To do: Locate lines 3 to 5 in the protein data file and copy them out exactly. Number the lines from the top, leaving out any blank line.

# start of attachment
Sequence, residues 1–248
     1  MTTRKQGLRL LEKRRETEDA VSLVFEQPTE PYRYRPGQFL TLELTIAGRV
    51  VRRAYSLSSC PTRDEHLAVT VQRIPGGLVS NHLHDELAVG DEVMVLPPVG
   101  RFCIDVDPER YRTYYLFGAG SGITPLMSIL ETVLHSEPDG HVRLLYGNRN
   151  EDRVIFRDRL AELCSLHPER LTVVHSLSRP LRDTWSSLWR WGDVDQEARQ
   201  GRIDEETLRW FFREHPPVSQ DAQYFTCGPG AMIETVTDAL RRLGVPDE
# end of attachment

    51  VRRAYSLSSC PTRDEHLAVT VQRIPGGLVS NHLHDELAVG DEVMVLPPVG
   101  RFCIDVDPER YRTYYLFGAG SGITPLMSIL ETVLHSEPDG HVRLLYGNRN
   151  EDRVIFRDRL AELCSLHPER LTVVHSLSRP LRDTWSSLWR WGDVDQEARQ